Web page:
Coffee is a daily ritual for many of us, myself included (obviously!). It might surprise some people to know that I typically don’t drink very much coffee each day; each morning I’ll have 8-12 oz of a brewed coffee or a double espresso if I’m pulling espresso shots. That’s about it. If I’m drinking such a small quantity, I want it to be GREAT. Life is too short for bad coffee!
For anyone that is a beginner at home coffee and would like to know some general rules to follow for maximum coffee quality, I present the following:
1) Buy whole beans and grind them directly before brewing.
Coffee loses its best flavor and aromas within 15 minutes of grinding. Yes, that quickly! It’s certainly tempting to buy pre-ground coffee at the store, but the difference between pre-ground and freshly ground is astonishing. Do yourself a favor and get a grinder.
2) Buy coffee beans with a ROAST date (not a BEST BY date) within 15 days.
Go to the supermarket and look for a bag of whole bean coffee (that in itself is hard to do at some stores!). Look for a date on the bag. Most mass-market coffees will have a “best by” date of several months to a year out. These are lies. Coffee is food, and the clock starts ticking the moment it is roasted. I’ve seen roasters printed a “best by” date anywhere from two months to a year after the day it was roasted. Recently I spotted coffee that had a “best by” date of January 11, 2015 (this was in April 2015). This means that bag of coffee could have been up to 15 months old!!!
For most coffees, you’ll get the best flavor within the first month after it’s been roasted, with a drop off in flavor once the coffee is more than a couple months old. This still applies whether you keep the coffee in the original bag, move it into an airtight container, etc. NEVER keep coffee in the refrigerator. Freezing coffee is a controversial topic which I discuss more in depth here.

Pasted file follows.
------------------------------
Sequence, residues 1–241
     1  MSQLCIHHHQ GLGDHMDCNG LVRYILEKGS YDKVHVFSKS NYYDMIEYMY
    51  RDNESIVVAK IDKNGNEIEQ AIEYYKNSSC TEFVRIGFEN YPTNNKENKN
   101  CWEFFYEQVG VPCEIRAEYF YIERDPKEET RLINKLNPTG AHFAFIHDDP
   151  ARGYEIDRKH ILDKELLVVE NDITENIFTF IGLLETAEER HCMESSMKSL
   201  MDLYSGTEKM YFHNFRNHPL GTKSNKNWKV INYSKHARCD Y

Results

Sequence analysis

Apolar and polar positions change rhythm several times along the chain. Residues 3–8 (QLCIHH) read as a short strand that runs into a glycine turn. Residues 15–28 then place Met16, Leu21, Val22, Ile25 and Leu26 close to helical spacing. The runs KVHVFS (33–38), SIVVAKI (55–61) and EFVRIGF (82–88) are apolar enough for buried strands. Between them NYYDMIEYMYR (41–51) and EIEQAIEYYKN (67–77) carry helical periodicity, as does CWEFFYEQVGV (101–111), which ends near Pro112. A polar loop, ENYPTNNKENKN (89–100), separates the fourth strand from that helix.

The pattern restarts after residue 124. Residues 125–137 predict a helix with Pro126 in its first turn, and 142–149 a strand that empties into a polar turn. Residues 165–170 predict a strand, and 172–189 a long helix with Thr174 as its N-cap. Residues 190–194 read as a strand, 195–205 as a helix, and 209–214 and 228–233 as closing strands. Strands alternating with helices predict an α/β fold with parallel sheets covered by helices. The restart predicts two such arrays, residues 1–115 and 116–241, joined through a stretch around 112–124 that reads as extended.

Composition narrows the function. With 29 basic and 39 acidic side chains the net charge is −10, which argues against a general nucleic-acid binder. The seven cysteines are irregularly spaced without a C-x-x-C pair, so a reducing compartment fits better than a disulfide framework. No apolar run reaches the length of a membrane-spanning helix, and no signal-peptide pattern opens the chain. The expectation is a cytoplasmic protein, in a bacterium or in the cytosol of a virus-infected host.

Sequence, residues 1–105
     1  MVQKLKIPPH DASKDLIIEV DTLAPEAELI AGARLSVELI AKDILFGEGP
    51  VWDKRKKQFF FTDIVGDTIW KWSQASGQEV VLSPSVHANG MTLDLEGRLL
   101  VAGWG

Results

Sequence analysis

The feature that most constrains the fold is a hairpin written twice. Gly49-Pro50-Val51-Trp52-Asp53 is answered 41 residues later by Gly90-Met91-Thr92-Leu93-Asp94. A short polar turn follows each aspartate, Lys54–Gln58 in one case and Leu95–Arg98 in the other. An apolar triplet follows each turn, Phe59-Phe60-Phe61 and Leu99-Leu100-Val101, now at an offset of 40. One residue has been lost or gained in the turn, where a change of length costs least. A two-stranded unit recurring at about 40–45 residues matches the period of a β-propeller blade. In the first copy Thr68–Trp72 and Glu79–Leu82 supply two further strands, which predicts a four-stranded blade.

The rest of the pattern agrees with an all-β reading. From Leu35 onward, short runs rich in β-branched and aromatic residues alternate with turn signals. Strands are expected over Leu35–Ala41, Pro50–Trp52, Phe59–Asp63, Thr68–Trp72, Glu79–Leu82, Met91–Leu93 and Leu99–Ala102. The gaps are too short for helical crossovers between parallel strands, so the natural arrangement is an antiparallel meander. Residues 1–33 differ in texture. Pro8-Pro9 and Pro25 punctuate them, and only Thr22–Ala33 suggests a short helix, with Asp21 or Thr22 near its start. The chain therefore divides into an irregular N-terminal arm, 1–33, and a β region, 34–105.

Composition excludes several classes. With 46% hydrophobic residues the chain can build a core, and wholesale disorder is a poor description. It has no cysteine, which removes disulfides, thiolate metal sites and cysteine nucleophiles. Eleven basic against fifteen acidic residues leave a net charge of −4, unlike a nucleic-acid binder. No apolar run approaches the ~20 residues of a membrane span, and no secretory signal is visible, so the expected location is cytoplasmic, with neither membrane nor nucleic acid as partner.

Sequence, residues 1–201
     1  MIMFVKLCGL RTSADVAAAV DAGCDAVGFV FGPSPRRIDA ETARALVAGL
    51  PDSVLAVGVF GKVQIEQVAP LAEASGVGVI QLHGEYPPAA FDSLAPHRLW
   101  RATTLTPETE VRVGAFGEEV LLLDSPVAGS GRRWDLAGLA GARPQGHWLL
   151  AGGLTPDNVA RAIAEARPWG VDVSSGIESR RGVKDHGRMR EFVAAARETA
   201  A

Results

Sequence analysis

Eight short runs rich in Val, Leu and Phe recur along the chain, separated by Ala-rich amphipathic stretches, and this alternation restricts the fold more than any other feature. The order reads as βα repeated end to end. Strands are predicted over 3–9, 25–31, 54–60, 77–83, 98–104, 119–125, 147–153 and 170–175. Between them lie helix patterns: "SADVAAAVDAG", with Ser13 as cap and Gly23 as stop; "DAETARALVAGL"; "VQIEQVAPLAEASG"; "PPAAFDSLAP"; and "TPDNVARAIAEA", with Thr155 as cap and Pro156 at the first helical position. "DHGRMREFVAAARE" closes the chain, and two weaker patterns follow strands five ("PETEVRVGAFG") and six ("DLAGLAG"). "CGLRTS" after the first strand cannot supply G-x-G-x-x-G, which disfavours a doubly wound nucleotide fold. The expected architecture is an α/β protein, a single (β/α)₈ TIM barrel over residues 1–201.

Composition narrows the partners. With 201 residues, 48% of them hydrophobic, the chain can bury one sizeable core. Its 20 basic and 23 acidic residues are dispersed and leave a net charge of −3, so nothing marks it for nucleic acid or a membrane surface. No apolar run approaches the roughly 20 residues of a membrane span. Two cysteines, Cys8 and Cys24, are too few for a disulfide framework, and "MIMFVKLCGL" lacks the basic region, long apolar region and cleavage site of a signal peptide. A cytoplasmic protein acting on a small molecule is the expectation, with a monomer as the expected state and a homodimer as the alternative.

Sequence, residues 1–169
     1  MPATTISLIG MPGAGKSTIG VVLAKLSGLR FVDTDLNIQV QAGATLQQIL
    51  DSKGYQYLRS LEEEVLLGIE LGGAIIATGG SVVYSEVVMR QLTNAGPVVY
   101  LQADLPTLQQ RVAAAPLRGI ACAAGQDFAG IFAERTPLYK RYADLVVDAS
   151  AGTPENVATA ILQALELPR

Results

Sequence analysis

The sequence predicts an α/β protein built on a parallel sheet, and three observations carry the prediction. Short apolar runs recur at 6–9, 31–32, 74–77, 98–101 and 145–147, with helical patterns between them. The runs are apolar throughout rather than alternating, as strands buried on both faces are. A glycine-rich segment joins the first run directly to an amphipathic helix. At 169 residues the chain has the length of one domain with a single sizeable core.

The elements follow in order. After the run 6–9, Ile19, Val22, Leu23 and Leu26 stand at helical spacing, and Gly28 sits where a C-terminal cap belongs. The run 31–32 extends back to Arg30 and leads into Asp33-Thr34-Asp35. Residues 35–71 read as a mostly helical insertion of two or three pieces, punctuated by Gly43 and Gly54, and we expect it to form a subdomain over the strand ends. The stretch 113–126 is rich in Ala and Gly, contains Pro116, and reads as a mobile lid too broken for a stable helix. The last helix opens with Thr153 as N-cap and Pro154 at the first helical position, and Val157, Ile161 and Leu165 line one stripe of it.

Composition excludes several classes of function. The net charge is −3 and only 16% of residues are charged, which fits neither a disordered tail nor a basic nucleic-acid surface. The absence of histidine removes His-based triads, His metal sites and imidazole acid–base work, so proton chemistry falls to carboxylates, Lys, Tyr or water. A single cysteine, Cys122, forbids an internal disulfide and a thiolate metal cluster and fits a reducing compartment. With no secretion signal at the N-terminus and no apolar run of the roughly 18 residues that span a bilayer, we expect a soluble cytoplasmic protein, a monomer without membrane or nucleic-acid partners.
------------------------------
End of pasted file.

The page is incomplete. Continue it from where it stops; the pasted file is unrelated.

Let’s say that the grocery store is your only option and all the beans on the shelf are months old. Does this mean they won’t have any flavor? No. Grinding whole beans at home directly before brewing will still be much better than pre-ground bags, even if the whole beans are several months old. But for the best possible flavor, try and buy beans that are as fresh as possible.
Here in North Texas, I’ve had decent luck finding fresh (<2 week old) coffee at Whole Foods. I typically mail-order beans directly from roasters or visit local coffee shops to get beans, though.
3) Use good-tasting water.
If your water tastes bad, your coffee will taste bad too. I use a Brita filter pitcher at home. If you choose to use bottled water, go for a spring water rather than reverse osmosis or distilled.
4) Is your coffee bitter? Make sure you aren’t using boiling water. Coffee likes water between 195-205 degrees Fahrenheit.
If you use an automatic drip machine, this might be hard if not impossible to change, since the machine is preset. If you use a manual method, though (like a french press), don’t use your water from a rolling boil – let it cool for about 30 seconds before starting to brew.
5) Is your coffee too strong? Don’t be tempted to use a smaller quantity of grounds when brewing.
This will lead to bitter coffee because the grounds will get overextracted. Use the “right” amount of coffee (usually 2 tbsps per 6-8 oz of water) and add water at the end if you want to dilute it.
6) Keep your equipment clean.
Coffee has oils and oils go rancid. Does your coffeepot smell like fish? Wash that sucker.
You don’t have to spend a lot in order to get a great cup of coffee. A simple grinder, fresh beans, and a little attention to detail will yield a great start to your morning (or afternoon, or whenever you’re enjoying your java)!